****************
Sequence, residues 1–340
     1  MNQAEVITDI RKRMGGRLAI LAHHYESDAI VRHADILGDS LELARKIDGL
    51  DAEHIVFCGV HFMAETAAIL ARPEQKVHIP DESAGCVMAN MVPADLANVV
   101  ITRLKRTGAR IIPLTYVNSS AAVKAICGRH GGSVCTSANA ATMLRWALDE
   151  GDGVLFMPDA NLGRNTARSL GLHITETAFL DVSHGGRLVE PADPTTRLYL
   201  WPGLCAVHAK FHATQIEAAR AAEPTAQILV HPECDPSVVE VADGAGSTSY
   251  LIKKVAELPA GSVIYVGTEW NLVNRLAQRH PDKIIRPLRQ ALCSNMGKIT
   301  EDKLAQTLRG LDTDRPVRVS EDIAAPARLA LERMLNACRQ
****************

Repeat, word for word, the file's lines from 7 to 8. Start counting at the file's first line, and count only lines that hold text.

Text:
   251  LIKKVAELPA GSVIYVGTEW NLVNRLAQRH PDKIIRPLRQ ALCSNMGKIT
   301  EDKLAQTLRG LDTDRPVRVS EDIAAPARLA LERMLNACRQ